8 Jul 2020

8 Jul 20 - Socially Distancing Seawatching

During the coronavirus lockdown, I stayed at home & only left the house for the weekly shop. After the lockdown was easied, I was still not travelling far. Work was keeping me busy during the week and weekends were largely revolved around the house and garden, with a few carefully chosen sites within the Isle of Purbeck, where there was little chance of bumping into people. Sadly, the Spring migration in Dorset was largely over before the lockdown was easied, which also meant I wasn't rushing to get out. The only potential British & Irish Tick was the putative Cayenne Tern in Ireland, but given that would mean breaking lockdown rules in Wales & Ireland, it was never a trip to consider. Clearly, that didn't deter a few self-centred idiots who then tried claiming after the event that they hadn't broken lockdown. Clearly, they had and should have quarantined themselves in Ireland for two weeks on arrival and also the UK on their return. But being self-centred enough to go, they clearly just don't care & just deserve the contempt of the Birding community in my opinion. Not only did these selfish twats break Irish self-quarantine rules, but they also failed to self isolate on their return. They should still have been in isolation, when at least three of the four individuals who were publicly named as having visited Ireland, turned up at Portland Bill.

From early July, there had been a good feeding party of Balearic Shearwaters feeding off Portland Bill. No surprise about that as July and early August is a good time to see Balearic Shearwaters in Dorset waters. However, the numbers had grown to about seventy which is much higher numbers than normal. On the late evening of the 7 Jul, the Portland Bill Obs website posted photos of a putative Yelkouan Shearwater which had been photographed with the Balearic Shearwaters. There have been a number of reported records in recent years, but only one accepted record of one photographed off Berry Head, Devon on 29 Jul 08. Given the Balearic Shearwater flock was sticking around, then there was a reasonable chance that the putative Yelkouan Shearwater would be relocated. But there wasn't anything I could do, due to a busy set of morning phone calls. Everything changed around mid morning, when I had three rapid calls to my landline from my Plymouth mate Pete Aley. We had already discussed options after the initial posting on the Obs website. I was on a works call with my boss so I couldn't answer any of the calls, but I could tell from the Pete's persistence, it must have been refound & confirmed. A quick check on the RBA website confirmed the fact. There was still nothing I could do until early afternoon, but after that I was free for the rest of the day. As the putative Yelkouan Shearwater was still showing, I asked my boss if I could head off for a few hours & I arrived just after 15:00. I quickly found most people were on the ledge by the Pulpit Rock. Everybody was very close & clearly ignoring the two metre rule. Two of the individuals, Steve Gantlett & Steve Webb, who were still supposed to be in quarantine after visiting Ireland were getting well into huddle. But given they broke Irish & UK quarantine rules, it's no surprise to see them in the huddle. Clearly, twitching in their eyes is as valid a reason to break social distancing rules as driving to Durham with coronavirus & then onto Barnard Castle on your wife's birthday.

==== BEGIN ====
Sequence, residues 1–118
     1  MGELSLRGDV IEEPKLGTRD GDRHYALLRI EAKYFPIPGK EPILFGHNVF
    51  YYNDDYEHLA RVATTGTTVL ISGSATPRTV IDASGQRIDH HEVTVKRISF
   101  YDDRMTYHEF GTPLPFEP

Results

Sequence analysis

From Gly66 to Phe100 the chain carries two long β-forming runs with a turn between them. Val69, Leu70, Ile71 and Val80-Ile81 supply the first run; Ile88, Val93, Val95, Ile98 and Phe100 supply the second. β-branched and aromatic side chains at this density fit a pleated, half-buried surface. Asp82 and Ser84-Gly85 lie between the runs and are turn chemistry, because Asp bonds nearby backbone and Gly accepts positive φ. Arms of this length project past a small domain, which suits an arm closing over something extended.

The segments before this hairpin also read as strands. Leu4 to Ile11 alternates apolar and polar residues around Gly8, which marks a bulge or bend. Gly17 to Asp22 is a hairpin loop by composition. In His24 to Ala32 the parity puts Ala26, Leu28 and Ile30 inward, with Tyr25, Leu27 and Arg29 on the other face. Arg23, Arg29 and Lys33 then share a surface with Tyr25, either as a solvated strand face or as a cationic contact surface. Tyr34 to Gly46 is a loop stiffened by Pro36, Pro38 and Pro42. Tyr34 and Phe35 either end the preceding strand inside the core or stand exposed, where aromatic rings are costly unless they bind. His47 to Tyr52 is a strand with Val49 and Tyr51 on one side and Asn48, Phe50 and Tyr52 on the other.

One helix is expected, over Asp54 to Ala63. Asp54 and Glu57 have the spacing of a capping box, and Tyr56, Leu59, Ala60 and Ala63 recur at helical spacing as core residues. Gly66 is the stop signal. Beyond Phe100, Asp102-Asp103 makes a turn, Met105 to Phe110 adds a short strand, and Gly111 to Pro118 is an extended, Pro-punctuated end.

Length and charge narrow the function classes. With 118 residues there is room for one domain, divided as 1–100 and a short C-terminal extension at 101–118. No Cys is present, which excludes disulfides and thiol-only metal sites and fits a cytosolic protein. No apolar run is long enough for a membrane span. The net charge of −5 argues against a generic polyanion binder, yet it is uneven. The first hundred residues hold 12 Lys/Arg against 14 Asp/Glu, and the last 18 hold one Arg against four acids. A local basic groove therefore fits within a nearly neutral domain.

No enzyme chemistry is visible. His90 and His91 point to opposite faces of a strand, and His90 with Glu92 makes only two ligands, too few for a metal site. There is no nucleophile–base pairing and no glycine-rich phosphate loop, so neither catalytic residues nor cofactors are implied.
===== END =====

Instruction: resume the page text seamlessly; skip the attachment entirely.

I certainly wasn't going to join the crowd. I knew Pete was also following the two metre rule and found him away from the main group. I joined him at a safe distance. There were good numbers of Balearic Shearwaters off the Pulpit Rock, sitting on the sea & occasionally getting up to flying around. Pete had arrived about two hours before me, but hadn't had any sightings. It was time to set up by folding seat, scope & start scanning. After an hour, there had been a few shouts from the throng on the main Pulpit ledge, but we were too far away to have any idea if they were reliable sightings or not or to figure out where they might have been looking.

After about an hour, I picked up a smaller Shearwater sitting on the sea in front of a line of Balearic Shearwaters. It looked consistently smaller and slightly paler brown with a long, slim bill. That was all I could see for the several minutes as it bobbed up & down on the choppy water. I tried giving Pete directions, but unfortunately, he failed to get onto it. Then it flew, briefly circled when I could see a shorter tail, trailing legs & heavy wing moult before flying towards me. I quickly lost it in the scope, so switched to the camera & fired away in the right direction. As it wasn't particularly close, it wasn't too hard to point the camera in the right direction. Fortunately, it continued to fly towards me before banking & finally flying out of shot. The photos aren't great, but they do confirm that I had seen the putative Yelkouan Shearwater.
Putative Yelkouan Shearwater: This first uncropped photo provides an idea of how far it was: the effective magnification of my 100-400 lens & Canon 7D is about 13 times. It is the small Shearwater image in the foreground. The brown dots behind are the line of Balearic Shearwaters
Putative Yelkouan Shearwater: The first of a number of harsh crops with this one being from the previous photo. All the photos were taken in the same sequence & nearly all were consecutive frames. Each looks different to the last & if one photo is seen in isolation, then it's easy to think there might be more than one individual involved. Therefore, it's easy to see how some visitors have claimed that there was more than one individual present, ignoring the misidentifications of Balearic and Manx Shearwaters